Chinese electric vehicle maker BYD has told its Indian joint-venture partner that it will shelve a $1 billion investment in an electric car factory as its proposal faces politically biased scrutiny from New Delhi, citing so-called "security" concerns, Reuters re-ported on Friday.
Chinese experts view the development as an indication of the worsening investment environment in India, which could tarnish India's economic development.
According to the Reuters report, BYD executives told Megha Engineering that the major electric vehicle maker wanted to drop pursuit of the investment after Indian regulators rejected the two companies' proposal to build a joint factory.
During the initial review, officials from three Indian ministries, including finance and external affairs, raised what two Indian officials described as "security concerns" about Chinese investment and signaled their opposition.
As of press time, BYD had refused to comment on the issue to the Global Times.
Experts said that if BYD withdraws its investment plan, it will be a loss for the Indian auto sector. As India is at a crucial stage of accelerating the development of its automotive manufacturing, missing out on Chinese companies' participation would be detrimental to India's auto sector growth.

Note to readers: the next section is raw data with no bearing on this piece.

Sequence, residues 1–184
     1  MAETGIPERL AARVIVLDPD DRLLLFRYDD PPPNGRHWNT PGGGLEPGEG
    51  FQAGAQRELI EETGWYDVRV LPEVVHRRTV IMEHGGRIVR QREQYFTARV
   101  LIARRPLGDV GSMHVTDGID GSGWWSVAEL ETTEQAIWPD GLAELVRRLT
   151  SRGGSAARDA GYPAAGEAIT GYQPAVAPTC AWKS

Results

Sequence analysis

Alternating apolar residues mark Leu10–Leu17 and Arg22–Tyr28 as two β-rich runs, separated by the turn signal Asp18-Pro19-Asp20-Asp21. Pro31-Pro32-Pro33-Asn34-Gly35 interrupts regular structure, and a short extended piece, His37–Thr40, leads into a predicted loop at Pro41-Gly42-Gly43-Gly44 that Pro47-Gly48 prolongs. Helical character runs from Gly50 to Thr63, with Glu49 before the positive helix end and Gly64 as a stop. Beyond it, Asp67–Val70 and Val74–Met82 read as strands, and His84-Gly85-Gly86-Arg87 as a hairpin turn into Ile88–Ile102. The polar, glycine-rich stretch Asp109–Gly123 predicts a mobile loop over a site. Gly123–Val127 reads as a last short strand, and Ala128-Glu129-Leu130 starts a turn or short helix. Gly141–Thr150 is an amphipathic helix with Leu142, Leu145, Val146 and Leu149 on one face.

Zhang Xiang, visiting professor at the Engineering Department of Huanghe Science and Technology University, told the Global Times on Sunday that if India loses the opportunity to cooperate with BYD, the world's largest electric vehicle company, it will lose an important partner and lag behind in global automotive manufacturing.
BYD's halting investment decision also reflects the rising disappointment of Chinese companies toward the investment environment in India.
In recent years, New Delhi has kept blocking Chinese companies operating in India, particularly in the smartphone sector.
On June 13, the Economic Times reported that the Indian government had asked Chinese mobile phone makers to place Indians to key positions, such as chief executive officer, chief operating officer, chief financial officer and chief technical officer.
Experts believe that India's suppression of Chinese companies has become increasingly evident in recent years, which will only further damage India's image and reputation, and deter foreign investors.
Chinese companies like BYD and Xiaomi investing and establishing factories in India would bring advanced technology and managerial skills, which also contribute to India's GDP while creating local jobs, Zhang said.
Putting up barriers to Chinese companies in India will only result in a loss of investment opportunities and force them to withdraw from Indian market, ultimately harming Indian economy, Zhang noted.
Foreign direct investment inflows into the country fell 16 percent to $71 billion in fiscal year 2022-23, marking the first decline in a decade, the Times of India reported.
On July 14, Wang Yi, Politburo member and director of the Office of the Central Commission for Foreign Affairs expressed deep concern over recent restrictive measures imposed by India on Chinese companies during a meeting with Indian External Affairs Minister Subrahmanyam Jaishankar. Wang urged India to provide a fair, transparent and non-discriminatory business environment for Chinese companies.